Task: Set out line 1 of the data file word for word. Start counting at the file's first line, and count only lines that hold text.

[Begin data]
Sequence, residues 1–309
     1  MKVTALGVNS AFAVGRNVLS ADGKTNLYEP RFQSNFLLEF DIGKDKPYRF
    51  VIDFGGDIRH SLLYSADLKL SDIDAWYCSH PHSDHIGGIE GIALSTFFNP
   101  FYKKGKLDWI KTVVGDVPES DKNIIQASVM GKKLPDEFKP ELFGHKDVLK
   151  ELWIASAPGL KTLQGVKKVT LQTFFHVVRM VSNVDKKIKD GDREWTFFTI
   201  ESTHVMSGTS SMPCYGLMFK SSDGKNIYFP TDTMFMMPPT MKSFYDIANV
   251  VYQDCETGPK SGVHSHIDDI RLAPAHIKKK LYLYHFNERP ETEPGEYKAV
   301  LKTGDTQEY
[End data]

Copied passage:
Sequence, residues 1–309